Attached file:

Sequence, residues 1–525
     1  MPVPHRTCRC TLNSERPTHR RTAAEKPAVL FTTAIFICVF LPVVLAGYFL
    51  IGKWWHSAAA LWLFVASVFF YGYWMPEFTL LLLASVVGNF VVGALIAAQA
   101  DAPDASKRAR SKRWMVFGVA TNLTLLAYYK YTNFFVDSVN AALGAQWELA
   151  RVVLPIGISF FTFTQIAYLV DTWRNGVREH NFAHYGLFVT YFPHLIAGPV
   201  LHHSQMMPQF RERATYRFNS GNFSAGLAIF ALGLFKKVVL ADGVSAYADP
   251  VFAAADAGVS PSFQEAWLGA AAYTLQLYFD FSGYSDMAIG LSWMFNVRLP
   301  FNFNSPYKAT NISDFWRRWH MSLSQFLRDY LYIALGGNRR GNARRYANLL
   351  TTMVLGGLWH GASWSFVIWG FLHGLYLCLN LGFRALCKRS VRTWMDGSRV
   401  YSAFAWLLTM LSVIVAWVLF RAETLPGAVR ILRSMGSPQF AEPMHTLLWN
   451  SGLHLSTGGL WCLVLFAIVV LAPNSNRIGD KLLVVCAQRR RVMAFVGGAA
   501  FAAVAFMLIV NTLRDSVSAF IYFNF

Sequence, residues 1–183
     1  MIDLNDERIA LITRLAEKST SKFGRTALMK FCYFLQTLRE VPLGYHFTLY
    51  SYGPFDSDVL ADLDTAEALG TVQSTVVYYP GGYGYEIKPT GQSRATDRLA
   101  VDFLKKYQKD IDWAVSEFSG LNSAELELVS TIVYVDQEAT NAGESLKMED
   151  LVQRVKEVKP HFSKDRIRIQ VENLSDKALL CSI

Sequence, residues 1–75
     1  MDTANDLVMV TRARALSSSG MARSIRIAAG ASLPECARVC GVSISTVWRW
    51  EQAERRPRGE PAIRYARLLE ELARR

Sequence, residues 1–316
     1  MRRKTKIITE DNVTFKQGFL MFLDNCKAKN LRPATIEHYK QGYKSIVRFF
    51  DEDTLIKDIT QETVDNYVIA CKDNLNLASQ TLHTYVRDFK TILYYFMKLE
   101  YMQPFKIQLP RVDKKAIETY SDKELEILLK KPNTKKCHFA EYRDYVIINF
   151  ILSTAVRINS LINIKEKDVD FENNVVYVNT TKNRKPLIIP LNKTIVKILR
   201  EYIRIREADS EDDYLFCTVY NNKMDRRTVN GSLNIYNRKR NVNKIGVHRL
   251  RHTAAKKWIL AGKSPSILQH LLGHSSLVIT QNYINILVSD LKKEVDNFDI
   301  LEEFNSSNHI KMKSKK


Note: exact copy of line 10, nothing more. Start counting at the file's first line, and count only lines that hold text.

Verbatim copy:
   401  YSAFAWLLTM LSVIVAWVLF RAETLPGAVR ILRSMGSPQF AEPMHTLLWN